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By Bonnie Black

Issue: August 2022

When organizations (or families) are facing something different, the natural reaction is to hunker down and grab on to the “known.” We close out what feels different and many have an initial reaction to dig in their heels. That’s how some of us reacted to the beginning of the pandemic. Yet, when faced with the unknown or the difficult, a few will get a glint in their eye and walk toward the challenge.

WHICH REACTION DO YOU HAVE TO CHANGE? If we have been able to develop our Emotional Intelligence skills, we can be the person with a glint in our eye when facing the inevitable, the predictable, moment of Change.

Becoming more Self-Aware through active listening will guide us on the path forward. A handout that I have made available at trainings on Change and Emotional Intelligence includes the 24 points below which any of us can use as a touchstone from time-to-time to assure that we are using our active listening skills – whether facing imminent change or not.

According to the National Crime Prevention Council’s resource guide, Becoming a Better Senior Corps Supervisor: A Resource Guide for Senior Corps Project Directors, the following effective practices will cultivate and/or improve active listening skills:

FIND A QUIET, PRIVATE PLACE TO LISTEN. Hallways, shared offices and other busy places are not conducive to active listening. A quiet spot works better for focusing attention and creating a nonthreatening environment.

WANT TO LISTEN. Almost all problems in listening can be overcome by having the right attitude. Remember, there is no such thing as uninteresting people, only uninterested listeners.

ACT LIKE A GOOD LISTENER. Be alert, sit straight, lean forward if that’s appropriate, let your face radiate interest.

LISTEN TO UNDERSTAND. Do not just listen for the sake of listening; listen to gain a real understanding of what is being said.

REACT. The only time a person likes to be interrupted is when he or she is applauded. Make the other person feel important. Applaud with nods, smiles, comments, and encouragement.

STOP TALKING. You can’t listen while you are talking. Communicate — don’t just take turns talking.

EMPATHIZE. Try to put yourself in the other person’s place so that you can see his or her point of view.

CONCENTRATE ON WHAT THE OTHER IS SAYING. Actively focus your attention on the words, the ideas and the feelings related to the subject.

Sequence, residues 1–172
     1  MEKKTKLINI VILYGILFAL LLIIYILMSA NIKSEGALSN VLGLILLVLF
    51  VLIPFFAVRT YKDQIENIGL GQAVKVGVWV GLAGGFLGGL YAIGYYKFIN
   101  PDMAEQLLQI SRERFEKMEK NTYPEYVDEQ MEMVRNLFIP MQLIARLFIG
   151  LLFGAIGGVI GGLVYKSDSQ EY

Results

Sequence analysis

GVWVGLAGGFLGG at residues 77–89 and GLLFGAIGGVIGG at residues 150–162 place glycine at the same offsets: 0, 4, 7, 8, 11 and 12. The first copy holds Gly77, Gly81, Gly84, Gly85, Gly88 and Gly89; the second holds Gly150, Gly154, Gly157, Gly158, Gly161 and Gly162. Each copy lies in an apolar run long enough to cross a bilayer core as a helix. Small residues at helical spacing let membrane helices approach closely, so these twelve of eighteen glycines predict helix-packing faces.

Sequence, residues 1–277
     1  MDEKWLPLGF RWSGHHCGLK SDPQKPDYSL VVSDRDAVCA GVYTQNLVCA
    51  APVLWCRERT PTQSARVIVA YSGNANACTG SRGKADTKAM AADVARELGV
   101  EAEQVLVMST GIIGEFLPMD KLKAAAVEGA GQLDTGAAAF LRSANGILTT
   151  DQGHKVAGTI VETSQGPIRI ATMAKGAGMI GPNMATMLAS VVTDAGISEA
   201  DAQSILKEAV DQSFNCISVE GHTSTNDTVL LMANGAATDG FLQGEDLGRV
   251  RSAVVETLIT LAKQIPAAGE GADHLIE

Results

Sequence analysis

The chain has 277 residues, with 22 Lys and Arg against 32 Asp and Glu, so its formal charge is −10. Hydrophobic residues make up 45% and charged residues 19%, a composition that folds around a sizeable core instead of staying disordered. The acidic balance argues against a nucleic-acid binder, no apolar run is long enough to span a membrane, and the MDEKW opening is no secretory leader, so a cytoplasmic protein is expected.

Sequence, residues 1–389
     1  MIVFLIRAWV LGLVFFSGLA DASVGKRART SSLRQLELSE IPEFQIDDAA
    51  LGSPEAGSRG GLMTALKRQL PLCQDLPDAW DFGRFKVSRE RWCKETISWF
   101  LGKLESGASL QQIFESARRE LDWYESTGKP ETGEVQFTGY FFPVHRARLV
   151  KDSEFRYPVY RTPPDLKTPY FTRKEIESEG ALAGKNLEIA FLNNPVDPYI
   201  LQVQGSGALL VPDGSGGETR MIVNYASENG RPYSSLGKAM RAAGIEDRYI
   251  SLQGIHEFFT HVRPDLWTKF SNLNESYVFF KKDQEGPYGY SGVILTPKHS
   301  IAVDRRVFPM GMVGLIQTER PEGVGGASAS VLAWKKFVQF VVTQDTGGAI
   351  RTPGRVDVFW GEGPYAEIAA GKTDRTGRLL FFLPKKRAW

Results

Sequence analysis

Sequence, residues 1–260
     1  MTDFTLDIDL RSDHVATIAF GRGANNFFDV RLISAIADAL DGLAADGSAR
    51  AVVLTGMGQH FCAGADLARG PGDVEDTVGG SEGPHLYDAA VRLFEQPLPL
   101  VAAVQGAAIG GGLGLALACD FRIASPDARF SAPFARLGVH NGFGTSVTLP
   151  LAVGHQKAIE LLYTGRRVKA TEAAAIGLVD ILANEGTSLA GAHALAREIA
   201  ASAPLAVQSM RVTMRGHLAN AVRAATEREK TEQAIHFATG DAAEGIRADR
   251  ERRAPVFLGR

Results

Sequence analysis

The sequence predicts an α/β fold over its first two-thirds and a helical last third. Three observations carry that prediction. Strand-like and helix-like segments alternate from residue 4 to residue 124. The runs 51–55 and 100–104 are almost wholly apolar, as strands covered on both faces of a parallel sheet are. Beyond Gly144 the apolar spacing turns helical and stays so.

LOOK AT THE OTHER PERSON. Face, mouth, eyes, and hands will all help the other person communicate with you and help you concentrate too.

LEAVE YOUR EMOTIONS BEHIND (IF YOU CAN). Try to push your worries, fears and problems away. They may prevent you from listening well.

GET RID OF DISTRACTIONS. Put down any paper, pencils or anything you may have in your hands; they may distract your attention.

GET THE MAIN POINTS (THE BIG STORY). Concentrate on the main ideas and not on the illustrative material. Examples, stories and statistics are important, but are not usually the main points. Examine them only to see if they prove, support or define the main idea.

SHARE RESPONSIBILITY FOR COMMUNICATION. Only part of the responsibility rests with the speaker; you as the listener have an important part. Try to understand; if you don’t, ask for clarification.

REACT TO IDEAS, NOT TO THE PERSON. Don’t allow your reaction to the person to affect your interpretation of words. Good ideas can come from people whose looks or personality you don’t like.

DON’T ARGUE MENTALLY. When you are trying to understand the other person, it is a handicap to argue mentally while you are listening. It sets up a barrier between you and the speaker.

USE THE DIFFERENCE BETWEEN THE SPEED AT WHICH YOU CAN LISTEN AND THE SPEED AT WHICH A PERSON CAN TALK. You can listen faster than anyone can talk. Human speech is about 100 to 150 words per minute; thinking is about 500. Use this rate difference to your advantage by trying to stay on the right track and think back over what the speaker has said.

DON’T ANTAGONIZE THE SPEAKER. You may cause the other person to conceal ideas, emotions and attitudes in many ways: arguing, criticizing, taking notes, not taking notes, asking questions, not asking questions. Try to judge and be aware of the effect you are having on the other person. Adapt to the speaker.


PUT THE SPEAKER AT EASE. Help him or her feel free to talk.

BE PATIENT. Allow plenty of time. Do not interrupt. Avoid heading for the door.

HOLD YOUR TEMPER. An angry person gets the wrong meaning from words.

GO EASY ON ARGUMENT AND CRITICISM. This puts others on the defensive and they may “clam up” or get angry. Don’t argue. even if you win, you lose.

ASK PERTINENT QUESTIONS. This is encouraging, shows you are listening, helps to develop points further, and is essential for clarification.

Bonnie Black recently retired from fulltime employment in mental health and is currently a Trainer/Consultant in the North Country, focusing on suicide prevention and intervention trainings. She travels the state providing evidence-based workshops to organizations and individuals interested in keeping their communities suicide-safe. In her role as a personal Intrinsic Coach, her goal is to bring out the best in individuals and organizations.

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